AMPK and SIRT1 Activation Contribute to Inhibition of Neuroinflammation by Thymoquinone in BV2 Microglia

Ravikanth Velagapudi, Abdelmeneim El-Bakoush, Izabela Lepiarz, Folashade Ogunrinade, Olumayokun Olajide

Research output: Contribution to journalArticle

23 Citations (Scopus)

Abstract

Thymoquinone is a known inhibitor of neuroinflammation. However, the mechanism(s) involved in its action remain largely unknown. In this study, we investigated the roles of cellular reactive oxygen species (ROS), 5′ AMP-activated protein kinase (AMPK) and sirtuin 1 (SIRT1) in the anti-neuroinflammatory activity of thymoquinone. We investigated effects of the compound on ROS generation in LPS-activated microglia using the fluorescent 2′,7′-dichlorofluorescin diacetate (DCFDA)-cellular ROS detection. Immunoblotting was used to detect protein levels of p40phox, gp91phox, AMPK, LKB1 and SIRT1. Additionally, ELISA and immunofluorescence were used to detect nuclear accumulation of SIRT1. NAD+/NADH assay was also performed. The roles of AMPK and SIRT1 in anti-inflammatory activity of thymoquinone were investigated using RNAi and pharmacological inhibition. Our results show that thymoquinone reduced cellular ROS generation, possibly through inhibition of p40phox and gp91phox protein. Treatment of BV2 microglia with thymoquinone also resulted in elevation in the levels of LKB1 and phospho-AMPK proteins. We further observed that thymoquinone reduced cytoplasmic levels and increased nuclear accumulation of SIRT1 protein and increased levels of NAD+. Results also show that the anti-inflammatory activity of thymoquinone was abolished when the expressions of AMPK and SIRT1 were suppressed by RNAi or pharmacological antagonists. Pharmacological antagonism of AMPK reversed thymoquinone-induced increase in SIRT1. Taken together, we propose that thymoquinone inhibits cellular ROS generation in LPS-activated BV2 microglia. It is also suggested that activation of both AMPK and NAD+/SIRT1 may contribute to the anti-inflammatory, but not antioxidant activity of the compound in BV2 microglia.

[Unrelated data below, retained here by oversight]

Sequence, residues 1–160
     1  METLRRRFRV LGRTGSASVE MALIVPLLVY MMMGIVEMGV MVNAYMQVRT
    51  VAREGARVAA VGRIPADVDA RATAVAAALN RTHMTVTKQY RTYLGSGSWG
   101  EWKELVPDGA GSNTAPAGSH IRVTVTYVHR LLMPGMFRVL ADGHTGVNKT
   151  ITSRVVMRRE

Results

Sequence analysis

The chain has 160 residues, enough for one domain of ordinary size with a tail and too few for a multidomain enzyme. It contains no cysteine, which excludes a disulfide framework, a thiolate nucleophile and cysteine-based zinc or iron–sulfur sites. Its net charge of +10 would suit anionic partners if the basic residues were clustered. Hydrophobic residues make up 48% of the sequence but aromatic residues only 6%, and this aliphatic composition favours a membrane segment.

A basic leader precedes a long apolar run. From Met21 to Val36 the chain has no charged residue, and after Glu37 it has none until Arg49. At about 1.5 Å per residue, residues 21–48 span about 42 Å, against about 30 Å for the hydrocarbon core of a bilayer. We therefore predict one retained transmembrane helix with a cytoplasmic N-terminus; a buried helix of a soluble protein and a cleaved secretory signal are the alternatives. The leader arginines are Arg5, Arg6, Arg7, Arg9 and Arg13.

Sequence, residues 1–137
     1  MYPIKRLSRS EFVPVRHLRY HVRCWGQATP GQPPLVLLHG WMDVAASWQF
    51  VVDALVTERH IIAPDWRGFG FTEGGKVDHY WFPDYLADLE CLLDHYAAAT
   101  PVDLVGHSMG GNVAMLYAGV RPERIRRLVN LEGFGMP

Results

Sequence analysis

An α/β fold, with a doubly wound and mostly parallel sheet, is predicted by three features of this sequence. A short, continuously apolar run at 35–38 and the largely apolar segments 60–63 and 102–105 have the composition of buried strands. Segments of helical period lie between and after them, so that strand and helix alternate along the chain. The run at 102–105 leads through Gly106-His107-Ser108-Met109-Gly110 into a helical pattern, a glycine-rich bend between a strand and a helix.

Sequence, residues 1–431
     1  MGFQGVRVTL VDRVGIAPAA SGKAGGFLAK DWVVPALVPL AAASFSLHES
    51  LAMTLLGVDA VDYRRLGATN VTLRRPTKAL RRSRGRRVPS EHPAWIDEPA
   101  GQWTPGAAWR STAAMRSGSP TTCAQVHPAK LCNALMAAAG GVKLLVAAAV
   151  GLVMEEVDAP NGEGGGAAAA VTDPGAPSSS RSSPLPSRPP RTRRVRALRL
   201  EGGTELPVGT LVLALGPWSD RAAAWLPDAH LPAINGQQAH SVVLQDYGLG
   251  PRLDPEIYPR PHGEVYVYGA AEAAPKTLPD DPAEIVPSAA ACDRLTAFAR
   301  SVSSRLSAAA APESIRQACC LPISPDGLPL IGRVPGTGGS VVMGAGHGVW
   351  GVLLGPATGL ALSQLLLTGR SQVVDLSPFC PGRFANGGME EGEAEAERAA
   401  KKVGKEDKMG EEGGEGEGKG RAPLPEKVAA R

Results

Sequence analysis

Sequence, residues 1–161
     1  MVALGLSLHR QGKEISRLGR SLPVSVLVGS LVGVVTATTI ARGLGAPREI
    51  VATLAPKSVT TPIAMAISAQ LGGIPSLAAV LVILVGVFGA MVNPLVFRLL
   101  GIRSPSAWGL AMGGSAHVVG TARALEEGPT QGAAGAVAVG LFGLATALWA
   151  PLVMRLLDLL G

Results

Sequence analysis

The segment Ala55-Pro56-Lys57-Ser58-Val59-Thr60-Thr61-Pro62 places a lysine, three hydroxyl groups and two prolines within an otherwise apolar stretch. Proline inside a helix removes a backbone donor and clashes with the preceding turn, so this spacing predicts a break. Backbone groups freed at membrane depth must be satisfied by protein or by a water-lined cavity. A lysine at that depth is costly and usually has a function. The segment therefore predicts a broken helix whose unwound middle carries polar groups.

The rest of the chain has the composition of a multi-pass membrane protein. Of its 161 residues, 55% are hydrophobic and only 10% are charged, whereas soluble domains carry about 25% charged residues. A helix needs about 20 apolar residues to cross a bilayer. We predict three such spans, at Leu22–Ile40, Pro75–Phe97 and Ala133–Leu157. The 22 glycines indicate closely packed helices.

Original languageEnglish
Pages (from-to)149-162
Number of pages14
JournalMolecular and Cellular Biochemistry
Volume435
Issue number1-2
Early online date27 May 2017
DOIs
Publication statusPublished - Nov 2017

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Sirtuin 1
AMP-Activated Protein Kinases
Microglia
Chemical activation
Reactive Oxygen Species
NAD
Anti-Inflammatory Agents
Pharmacology
RNA Interference
Proteins
thymoquinone
Immunoblotting
Fluorescent Antibody Technique
Assays
Antioxidants
Enzyme-Linked Immunosorbent Assay

Cite this

Velagapudi, Ravikanth ; El-Bakoush, Abdelmeneim ; Lepiarz, Izabela ; Ogunrinade, Folashade ; Olajide, Olumayokun. / AMPK and SIRT1 Activation Contribute to Inhibition of Neuroinflammation by Thymoquinone in BV2 Microglia. In: Molecular and Cellular Biochemistry. 2017 ; Vol. 435, No. 1-2. pp. 149-162.
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abstract = "Thymoquinone is a known inhibitor of neuroinflammation. However, the mechanism(s) involved in its action remain largely unknown. In this study, we investigated the roles of cellular reactive oxygen species (ROS), 5′ AMP-activated protein kinase (AMPK) and sirtuin 1 (SIRT1) in the anti-neuroinflammatory activity of thymoquinone. We investigated effects of the compound on ROS generation in LPS-activated microglia using the fluorescent 2′,7′-dichlorofluorescin diacetate (DCFDA)-cellular ROS detection. Immunoblotting was used to detect protein levels of p40phox, gp91phox, AMPK, LKB1 and SIRT1. Additionally, ELISA and immunofluorescence were used to detect nuclear accumulation of SIRT1. NAD+/NADH assay was also performed. The roles of AMPK and SIRT1 in anti-inflammatory activity of thymoquinone were investigated using RNAi and pharmacological inhibition. Our results show that thymoquinone reduced cellular ROS generation, possibly through inhibition of p40phox and gp91phox protein. Treatment of BV2 microglia with thymoquinone also resulted in elevation in the levels of LKB1 and phospho-AMPK proteins. We further observed that thymoquinone reduced cytoplasmic levels and increased nuclear accumulation of SIRT1 protein and increased levels of NAD+. Results also show that the anti-inflammatory activity of thymoquinone was abolished when the expressions of AMPK and SIRT1 were suppressed by RNAi or pharmacological antagonists. Pharmacological antagonism of AMPK reversed thymoquinone-induced increase in SIRT1. Taken together, we propose that thymoquinone inhibits cellular ROS generation in LPS-activated BV2 microglia. It is also suggested that activation of both AMPK and NAD+/SIRT1 may contribute to the anti-inflammatory, but not antioxidant activity of the compound in BV2 microglia.",